Filmmaker Martin Scorsese’s documentary gets up close and personal with the iconic singer and the way he engaged with the audience while on tour. By Team Viva
Bob Dylan admits he doesn’t remember anything about the Rolling Thunder Revue, a 1975 concert tour by the American singer and songwriter. He says it had happened a long time ago when “I wasn’t even born.” He finds it impossible to get to the “core” of what it was about because “it’s about nothing.”
Filmmaker Martin Scorsese’s pseudo-documentary Rolling Thunder Revue begins with this sequence to try and delve into the phenomenon that was Dylan.
The footage that has been utilised in the film was shot by some incredible director-cameramen — Dave Myers, Howard Alk and a few others. “How do you talk about something that happened 40 years ago? Music is such an important part of his creative life” and goes on to add about the tour, “which I don’t know much about but I sensed that there was a negative response to this tour. I didn’t quite understand it. People complained about something that Dylan did. The footage that I saw was captured from the stage. It was remarkable but what’s the story? What are we telling? I received the assembly of this film and remember watching it. It’s conventional,” he says and goes on to add, “But what is it really about? Why do I care where they went? It’s nothing to ignore. It is something that can move us, and make us think, make us feel before you even think. It has to be preserved and captured and be reminded that it is possible.”
Scorcese points out that despite Dylan saying that he did not remember the tour, there was something special both about the singer as well as the concert. “There's a mythology that grows up about it, so let's embrace the mythology. This is not a legend, this is kind of myth, kind of supposed to explore something that is timeless about us as human beings. There’s one shot of a young woman crying, after the concert. To have something that, touching, that moves you so much, that was real at that time. It's nothing to ignore. That if something can move us, and make us think, make us feel before you think, even. That's something that has to be preserved and has to be captured and be reminded, audiences today they have to be reminded of what that's possible.”
Talking about what drew him to the music of Dylan, Scorcese says, “I have seen Dylan in concerts just once or twice in all these years. My concentration was always on cinema, its music and literature. The films that are still stuck in my mind are Jazz On A Summer’s Day, Rock ‘n’ Roll, there used to be Doo-wop and other things as well but somehow it was all about music. It was captured in a way that I don’t think will ever find an equal. The key was staying on the performer because all the magic and that element of the music that transcends the situation comes from the performer. I was completely drawn into that music world, so to speak, with The Last Waltz. It’s as if that after a certain performance, especially as the concert moves on and they warm up, it’s like being around in a fight for prize and they all got through it. ‘Ok, take a break, round 5!’ Then they go back in and soar. They take off and I thought to capture the essence of that beauty of their art. It’s like a wild, spiritual experience,” Martin says.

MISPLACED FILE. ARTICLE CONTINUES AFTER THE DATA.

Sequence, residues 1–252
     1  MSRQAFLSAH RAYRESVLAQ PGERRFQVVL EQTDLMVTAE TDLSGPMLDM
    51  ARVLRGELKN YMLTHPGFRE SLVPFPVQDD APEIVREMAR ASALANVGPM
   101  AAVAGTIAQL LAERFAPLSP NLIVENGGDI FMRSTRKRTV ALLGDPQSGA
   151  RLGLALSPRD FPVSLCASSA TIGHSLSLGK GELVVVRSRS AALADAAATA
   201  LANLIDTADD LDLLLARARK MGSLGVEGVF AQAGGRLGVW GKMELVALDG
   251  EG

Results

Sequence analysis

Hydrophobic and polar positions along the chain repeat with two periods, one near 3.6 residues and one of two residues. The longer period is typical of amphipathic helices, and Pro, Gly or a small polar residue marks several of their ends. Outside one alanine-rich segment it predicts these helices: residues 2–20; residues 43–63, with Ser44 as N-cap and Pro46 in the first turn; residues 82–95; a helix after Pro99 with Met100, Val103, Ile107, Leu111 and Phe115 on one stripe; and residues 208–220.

Talking about what truly drives him and how he is able to channelise it to great storytelling, he explained that it is intense and personal and also a spiritual experience for him. People say that that he is different from all the other directors and knows how to create magic. He says, “You know, when they say, ‘Well, directors create magic.’ I don’t really think so. Because it’s more than just that. I don’t see directing films as magic, I see that as the nature of the film. There’s an element to the tour that has a sense of fun. You do something to the audience, open their minds, so that they don’t expect the normal things or the ‘conventional.’ You don’t make it predictable.”
The filmmaker, who is known for his mafia films, tells us where his fascination for the mafia world comes from. He says, “I grew up in Little Italy, a small area in New York, where primarily Italian-Americans, Neo Politians, Sicilians and all kinds of different Italians who, came over to New York on the turn of the century, reside. Growing up there, I saw a lot of very decent people, good and hardworking ones getting into the mafia trap. The area became a transposition of the mafia or the organised crime from Sicily to New York and to America that actually came from New Orleans. So I grew up amongst them. I was seven to eight years old and it seemed to me that they were normal, regular people. You couldn’t tell as they were very sweet.”
Martin is known to be doing impressions of Robert De Niro during the shooting of Cape Fear. “I don’t really do impressions of Bob (Robert). I don’t know what happened over the years. We melted in each other. There’s one that I really like and it’s from Goodfellas, it’s become part of my mantra in the sense, it was a scene where Frank Vincent playing Billy Batts really gets under Joe Pesci’s skin by calling him ‘Go get your shinebox’ and at that point, they have to pull Joe away from him, screaming, kicking. Then, Frank says what the hell is matter with him, you know, what’s the big deal, can’t he take a joke and so Bob he is about to have a drink and he goes, ‘Well you did insult him a little bit’ and then Frank says, ‘No, I didn’t’ (laughs). I always do that, ‘you did insult him a little bit and okay, okay let it go.’